An Investigation of Surface Engineering Techniques to Minimize Wear of Thermoplastic Injection Mold Tooling

Wear and corrosion are significant industrial issues resulting in high financial losses. With continuously increasing demands placed on thermoplastic injection molded products with regards to increased mechanical properties, leading to the incorporation of highly abrasive fillers and corrosive additives, and narrow dimensional tolerances, the surface engineering techniques to increase wear and corrosion resistance and improve the lifespan of mold tooling are of paramount concern. Proper surface engineering of expensive injection molds which can cost over 300,000 U.S.D. to fabricate is a technically challenging issue due to limitations imposed by the injection mold, coating deposition processes, the wide array of coating architectures, and coating suppliers available. This study investigates three commercially supplied surface treatments for injection molding, electrodeposited chromium, and PVD TiAlN, and PVD/PACVD DLC containing an interfacial layer of chromium nitride. Testing methodologies for evaluation of the tribological performance of these surface treatments in the plastics processing environment have been developed and employed. Analysis of the pristine coatings is conducted to investigate porosity, surface roughness, inherent defects, frictional properties against nylon and polybutylene terephthalate, and elemental composition. Pin-on-plate wear testing is used to evaluate coating-metal sliding contact. Also, a novel test apparatus has been developed and fabricated to emulate the tribology of flowing polymer compounds 2 against mold tooling during the injection process. The dominant wear mechanisms of the chrome coating in exposure to the flowing polymer compound are micro-milling from the abrasive fillers in the compound and corrosive pitting, while the DLC coating exhibits localized delamination from the substrate material. TiAlN shows superior resistance to both corrosion and abrasion in addition to excellent adhesion to the substrate material. Results indicate that TiAlN is a promising candidate for replacement of electroplated chrome which has long been an industry standard.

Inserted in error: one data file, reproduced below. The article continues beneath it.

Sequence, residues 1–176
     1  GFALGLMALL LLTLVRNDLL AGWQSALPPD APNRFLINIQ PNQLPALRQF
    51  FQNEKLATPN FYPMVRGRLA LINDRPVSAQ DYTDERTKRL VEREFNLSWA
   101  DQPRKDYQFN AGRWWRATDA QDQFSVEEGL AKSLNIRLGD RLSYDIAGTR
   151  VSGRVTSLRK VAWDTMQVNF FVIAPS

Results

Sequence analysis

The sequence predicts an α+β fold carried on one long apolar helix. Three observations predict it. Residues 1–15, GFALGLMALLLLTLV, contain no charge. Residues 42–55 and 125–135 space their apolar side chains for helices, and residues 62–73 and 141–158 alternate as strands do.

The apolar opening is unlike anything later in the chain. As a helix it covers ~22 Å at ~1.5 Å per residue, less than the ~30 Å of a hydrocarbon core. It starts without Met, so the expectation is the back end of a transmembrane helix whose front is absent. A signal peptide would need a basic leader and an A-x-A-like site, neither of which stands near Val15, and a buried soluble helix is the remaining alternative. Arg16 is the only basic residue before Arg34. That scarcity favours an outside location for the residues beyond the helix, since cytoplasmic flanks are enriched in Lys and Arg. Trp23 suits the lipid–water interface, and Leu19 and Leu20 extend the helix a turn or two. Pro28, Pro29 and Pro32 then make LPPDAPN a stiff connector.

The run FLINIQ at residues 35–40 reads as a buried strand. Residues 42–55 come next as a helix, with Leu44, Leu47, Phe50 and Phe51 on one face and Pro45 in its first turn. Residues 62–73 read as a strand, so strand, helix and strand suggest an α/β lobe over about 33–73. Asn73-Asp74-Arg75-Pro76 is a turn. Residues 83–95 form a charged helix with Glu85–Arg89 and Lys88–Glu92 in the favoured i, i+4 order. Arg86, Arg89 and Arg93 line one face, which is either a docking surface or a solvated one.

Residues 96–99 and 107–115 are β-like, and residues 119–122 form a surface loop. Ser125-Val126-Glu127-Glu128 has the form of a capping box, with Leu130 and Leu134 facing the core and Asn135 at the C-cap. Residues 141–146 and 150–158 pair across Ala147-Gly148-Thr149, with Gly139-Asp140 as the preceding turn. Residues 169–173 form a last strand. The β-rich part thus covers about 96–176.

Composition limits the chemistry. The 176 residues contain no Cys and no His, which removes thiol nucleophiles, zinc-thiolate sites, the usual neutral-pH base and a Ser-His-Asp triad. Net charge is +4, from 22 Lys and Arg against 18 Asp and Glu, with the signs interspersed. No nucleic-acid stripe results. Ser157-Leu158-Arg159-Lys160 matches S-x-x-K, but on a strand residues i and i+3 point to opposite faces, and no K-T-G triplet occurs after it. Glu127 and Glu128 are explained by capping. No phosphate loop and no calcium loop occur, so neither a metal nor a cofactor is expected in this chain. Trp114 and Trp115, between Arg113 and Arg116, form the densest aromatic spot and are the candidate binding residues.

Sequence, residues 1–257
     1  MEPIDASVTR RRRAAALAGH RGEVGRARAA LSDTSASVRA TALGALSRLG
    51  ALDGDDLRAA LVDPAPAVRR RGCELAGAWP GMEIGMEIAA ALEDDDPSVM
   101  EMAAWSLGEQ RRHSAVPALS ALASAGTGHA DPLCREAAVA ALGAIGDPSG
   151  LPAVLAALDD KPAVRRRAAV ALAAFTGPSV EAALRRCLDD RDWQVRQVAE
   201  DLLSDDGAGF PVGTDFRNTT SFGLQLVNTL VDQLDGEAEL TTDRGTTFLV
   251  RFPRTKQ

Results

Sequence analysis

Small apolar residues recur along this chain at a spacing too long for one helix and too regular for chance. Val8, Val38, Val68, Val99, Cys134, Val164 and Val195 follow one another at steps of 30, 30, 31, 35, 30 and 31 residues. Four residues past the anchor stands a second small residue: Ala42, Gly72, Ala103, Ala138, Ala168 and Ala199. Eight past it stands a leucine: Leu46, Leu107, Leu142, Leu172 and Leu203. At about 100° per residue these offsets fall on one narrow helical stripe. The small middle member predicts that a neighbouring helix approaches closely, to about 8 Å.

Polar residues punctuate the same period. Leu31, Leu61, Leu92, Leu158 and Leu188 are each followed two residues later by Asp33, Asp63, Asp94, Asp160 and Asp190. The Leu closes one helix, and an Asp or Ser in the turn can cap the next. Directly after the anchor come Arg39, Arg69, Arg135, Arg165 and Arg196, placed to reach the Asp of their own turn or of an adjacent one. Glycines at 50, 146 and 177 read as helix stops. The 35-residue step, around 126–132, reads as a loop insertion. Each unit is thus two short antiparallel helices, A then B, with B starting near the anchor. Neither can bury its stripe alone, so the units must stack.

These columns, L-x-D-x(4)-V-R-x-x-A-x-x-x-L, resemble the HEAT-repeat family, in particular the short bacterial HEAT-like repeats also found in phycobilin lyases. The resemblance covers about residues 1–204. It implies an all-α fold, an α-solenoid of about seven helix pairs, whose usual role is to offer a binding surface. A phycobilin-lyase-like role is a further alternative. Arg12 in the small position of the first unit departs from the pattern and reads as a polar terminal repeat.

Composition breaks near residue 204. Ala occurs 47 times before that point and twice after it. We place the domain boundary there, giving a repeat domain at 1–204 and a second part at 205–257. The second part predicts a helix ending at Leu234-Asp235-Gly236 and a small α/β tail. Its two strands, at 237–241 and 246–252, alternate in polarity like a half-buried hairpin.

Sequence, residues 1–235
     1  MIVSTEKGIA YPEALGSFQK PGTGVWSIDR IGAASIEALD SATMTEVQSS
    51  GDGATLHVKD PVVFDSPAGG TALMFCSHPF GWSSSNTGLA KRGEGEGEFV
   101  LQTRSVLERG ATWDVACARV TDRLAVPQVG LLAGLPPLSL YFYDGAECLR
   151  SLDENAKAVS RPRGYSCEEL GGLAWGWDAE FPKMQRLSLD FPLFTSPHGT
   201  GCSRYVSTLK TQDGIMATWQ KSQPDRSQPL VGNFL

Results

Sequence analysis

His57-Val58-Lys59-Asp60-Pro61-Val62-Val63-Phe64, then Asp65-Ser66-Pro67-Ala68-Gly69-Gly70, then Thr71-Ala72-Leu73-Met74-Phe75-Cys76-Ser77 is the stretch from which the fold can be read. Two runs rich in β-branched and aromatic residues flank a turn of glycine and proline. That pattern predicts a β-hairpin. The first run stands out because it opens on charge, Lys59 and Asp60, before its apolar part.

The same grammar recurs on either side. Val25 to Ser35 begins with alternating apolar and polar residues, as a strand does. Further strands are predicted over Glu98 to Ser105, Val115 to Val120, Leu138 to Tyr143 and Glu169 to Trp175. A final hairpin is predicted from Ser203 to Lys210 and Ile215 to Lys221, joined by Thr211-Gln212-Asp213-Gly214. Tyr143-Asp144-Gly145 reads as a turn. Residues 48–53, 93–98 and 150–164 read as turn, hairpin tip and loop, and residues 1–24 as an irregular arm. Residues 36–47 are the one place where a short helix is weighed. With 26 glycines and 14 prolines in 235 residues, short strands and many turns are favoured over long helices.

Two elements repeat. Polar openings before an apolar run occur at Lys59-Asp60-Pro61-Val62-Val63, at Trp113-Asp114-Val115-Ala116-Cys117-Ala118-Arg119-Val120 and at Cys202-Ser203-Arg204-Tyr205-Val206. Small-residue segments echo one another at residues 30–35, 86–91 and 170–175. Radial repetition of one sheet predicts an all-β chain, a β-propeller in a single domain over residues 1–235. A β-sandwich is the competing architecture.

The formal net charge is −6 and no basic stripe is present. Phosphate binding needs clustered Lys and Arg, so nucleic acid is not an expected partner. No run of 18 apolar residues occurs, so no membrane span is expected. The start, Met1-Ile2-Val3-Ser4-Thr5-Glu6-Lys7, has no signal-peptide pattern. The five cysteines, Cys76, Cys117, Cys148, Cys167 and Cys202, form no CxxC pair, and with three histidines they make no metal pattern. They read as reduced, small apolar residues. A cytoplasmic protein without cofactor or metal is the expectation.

Líbí se ti tento článek? Přidej ho na Top Články

This entry was posted on Úterý, Únor 28th, 2012 at 8:46 and is filed under plastic injection mould maker. You can follow any responses to this entry through the RSS 2.0 feed. Both comments and pings are currently closed.

Comments are closed.